If you have a really good memory you may realize this is rather similar to a drink I posted last summer, this Pineapple Coconut Spritzer which was also fantastic but had a whole FIVE ingredients instead of THREE in this one (not including ice).  So depending on how prevalent OJ and coconut water are in your pantry, that might determine which you make (and after writing a whole paragraph on our lack of coconut rum this time, I was amused to see I didn't have it to make that drink either, apparently being out of coconut rum is a thing here).

Either way, you can't go wrong with this drink.  I drank almost the whole pitcher in the course of a weekend and it was perfect for those hot, sunny, lazy, summer days.  



Pineapple Rum Punch
yield: 6-8 servings
Ingredients
-24 ounces (2 cans) ginger ale
-24 ounces (3 cups) pineapple juice
-1 cup rum (recommend coconut if you have it!)
-ice
-pineapple to garnish (optional - I only had one and wanted to use it as a photo prop and so I didn't have any chunks for my drink!)

Directions
Stir together the ginger ale, pineapple juice, and rum in a large pitcher.  Add ice.  Refrigerate.  Enjoy!


Source: slightly modified from A Night Owl Blog

Friday, June 16, 2017

Friday Five: {5} Podcast Episodes

I've been listening to podcasts almost daily for a little over a year and am constantly amazed at how many little pockets of time I can find to listen during the day and over the course of a week.  I am subscribed to 11 which amazes me that I can fit all those in in a week and often even run out of new episodes to listen to!  I listen while doing my basement workouts, when doing my hair/make-up, anytime I'm in the car alone, editing blog pictures, and doing various housework (depending on where/what Luke is doing).  It can make me a little more eager to do dishes or clean the kitchen when I know I can get through a little more podcast time.

I've written about podcasts before: The Podcast Multitask, {5} Podcasts I Enjoy (I still listen to all of these!), and {5} Podcast Episodes that Might be Worth Your Time.  And now here are 5 more podcast episodes that I've enjoyed lately!

1) The Smartest Person in the Room episode #20: Professional Bridesmaid Jen Glantz
Jen Glantz was asked to be a bridesmaid in a whole bunch of weddings at once and jokingly put an ad on Craigslist, offering to be a professional bridesmaids, thinking she'd do it once or twice and it would be a fun experience.  Over the course of a few days that blew up into something much bigger with national news outlets picking it up and she has turned it into a full-time job.  You can actually hire her to be a bridesmaid, everything from just being someone to vent to, to putting on the dress and walking down the aisle (sometimes even lying to the groom about a false backstory so everything thinks her and bride have been BFFs forever).  It was not something I knew could be a job and was just fascinating to listen to and learn about!  She wrote a book that is now on my TBR too.

2) The Simple Show episode #74: "Capsule" Wardrobes
I've been listening to this podcast for over a year and this was one of my favorite episodes, I even remember what I was doing while listening (painting approximately the 15th coat on our bedroom trim...).  Tsh and her co-host Erin (who lives in my same town!) talk about their version of a capsule wardrobe which isn't quite the "I only wear these 20 things over the course of a season" and it was just really interesting and helpful to get some tips on cutting down and streamlining your wardrobe without going to the bare minimum.  It really helped me think about my closet differently!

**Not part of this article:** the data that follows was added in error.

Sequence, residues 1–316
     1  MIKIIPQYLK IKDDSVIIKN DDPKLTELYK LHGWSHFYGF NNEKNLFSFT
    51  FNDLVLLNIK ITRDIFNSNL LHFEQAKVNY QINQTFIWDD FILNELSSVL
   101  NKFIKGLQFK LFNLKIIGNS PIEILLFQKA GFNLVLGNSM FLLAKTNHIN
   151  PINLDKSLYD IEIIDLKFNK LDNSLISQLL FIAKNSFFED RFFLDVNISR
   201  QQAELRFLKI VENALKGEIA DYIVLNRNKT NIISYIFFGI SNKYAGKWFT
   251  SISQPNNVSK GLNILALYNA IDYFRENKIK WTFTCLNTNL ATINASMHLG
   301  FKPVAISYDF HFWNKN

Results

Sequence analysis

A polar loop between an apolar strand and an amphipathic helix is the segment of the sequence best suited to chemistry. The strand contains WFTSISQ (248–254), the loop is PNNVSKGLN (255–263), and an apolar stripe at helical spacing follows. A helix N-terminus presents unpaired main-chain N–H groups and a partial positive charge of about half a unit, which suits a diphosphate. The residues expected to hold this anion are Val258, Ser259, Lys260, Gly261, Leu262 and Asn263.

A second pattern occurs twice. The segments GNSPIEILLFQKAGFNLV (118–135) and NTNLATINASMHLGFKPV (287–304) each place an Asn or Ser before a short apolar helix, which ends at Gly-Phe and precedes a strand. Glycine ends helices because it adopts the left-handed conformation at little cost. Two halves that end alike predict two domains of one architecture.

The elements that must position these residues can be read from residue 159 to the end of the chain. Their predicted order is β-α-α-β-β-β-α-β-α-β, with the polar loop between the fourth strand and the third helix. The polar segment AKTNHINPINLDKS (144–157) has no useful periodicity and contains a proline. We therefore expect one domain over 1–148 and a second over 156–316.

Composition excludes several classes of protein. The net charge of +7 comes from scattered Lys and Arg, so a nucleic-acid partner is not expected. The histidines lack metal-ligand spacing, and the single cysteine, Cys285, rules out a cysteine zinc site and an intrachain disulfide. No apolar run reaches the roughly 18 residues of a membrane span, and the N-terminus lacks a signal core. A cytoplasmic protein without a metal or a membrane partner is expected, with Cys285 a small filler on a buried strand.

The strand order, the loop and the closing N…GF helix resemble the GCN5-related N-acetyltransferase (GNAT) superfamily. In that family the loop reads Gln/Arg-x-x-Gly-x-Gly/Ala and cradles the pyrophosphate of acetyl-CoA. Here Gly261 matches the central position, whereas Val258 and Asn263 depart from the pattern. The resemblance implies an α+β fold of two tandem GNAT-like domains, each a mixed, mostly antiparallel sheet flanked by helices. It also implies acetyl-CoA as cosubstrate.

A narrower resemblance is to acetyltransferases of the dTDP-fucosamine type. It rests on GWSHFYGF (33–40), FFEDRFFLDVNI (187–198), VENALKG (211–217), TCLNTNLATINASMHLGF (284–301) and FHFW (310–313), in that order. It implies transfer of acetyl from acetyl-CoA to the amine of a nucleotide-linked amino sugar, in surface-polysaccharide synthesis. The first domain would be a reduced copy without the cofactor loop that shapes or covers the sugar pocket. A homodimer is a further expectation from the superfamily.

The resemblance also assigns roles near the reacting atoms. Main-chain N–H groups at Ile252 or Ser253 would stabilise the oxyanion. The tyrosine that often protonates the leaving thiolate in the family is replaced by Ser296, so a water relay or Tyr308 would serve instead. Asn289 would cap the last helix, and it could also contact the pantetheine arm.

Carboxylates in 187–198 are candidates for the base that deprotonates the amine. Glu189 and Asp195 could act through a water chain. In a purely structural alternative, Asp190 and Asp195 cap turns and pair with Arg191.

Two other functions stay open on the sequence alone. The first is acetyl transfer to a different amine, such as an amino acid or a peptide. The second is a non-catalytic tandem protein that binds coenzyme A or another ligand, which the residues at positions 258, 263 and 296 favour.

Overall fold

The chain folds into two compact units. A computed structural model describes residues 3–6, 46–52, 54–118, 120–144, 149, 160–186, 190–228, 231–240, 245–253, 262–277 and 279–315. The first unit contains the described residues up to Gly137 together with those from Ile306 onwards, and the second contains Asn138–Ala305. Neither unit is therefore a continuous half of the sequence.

3) The Lazy Genius episode #18: The Lazy Genius Raises a New Baby
I've raised a new baby (only one, but still) and I still feel like I learned a few things from this episode.  Something you might not know if you don't have kids: when you visit a new baby (and their parents) don't stay more than an hour unless you are seriously helping vacuum floors, make meals, entertain older kids, etc.  I know I am guilty of that one pre-Luke! But besides that, it gave me a few things to think about and a few things I might do differently on the next kid!

4) Young House Love Has a Podcast episode #45: Why We Got Rid of Half the Toys in Our House
I'm going to be all in on anything that encourages me to get rid of possessions, especially kid toys which, somehow, seem to multiple (and don't seem to get touched much in the summer!).   They reference one of my favorite parenting books, Simplicity Parenting (which I've read but really want to reread)They talk about how few things kids need, toys especially, and how they tend to play better and longer when there are fewer options.  Definitely something we need to work on in our own house!  Worth a listen if you feel overwhelmed by your kids' stuff!


5) Sorta Awesome episode #103: Pop-ups, sunnies, s'mores, and more!
I started listening to this one at the lake on a sunny summer day and it was just a fun way to to spend part of an early summer weekend - the two co-hosts list some of their favorite things about summer and even though I didn't investigate any of the products they were discussing I still enjoyed hearing their recommendations and getting in the summer mood.  It makes me want to fully enjoy flip-flops, sunnies, and camping trips all summer!

Have you hopped on the podcast train?  What episodes or shows should I be listening to?

Side note: This Boston Globe article "How to live without air conditioning" related rather well to my post last Friday: {5} Thoughts on Air Conditioning.  Although we have had ours on for almost a week straight thanks to a week of 90°+!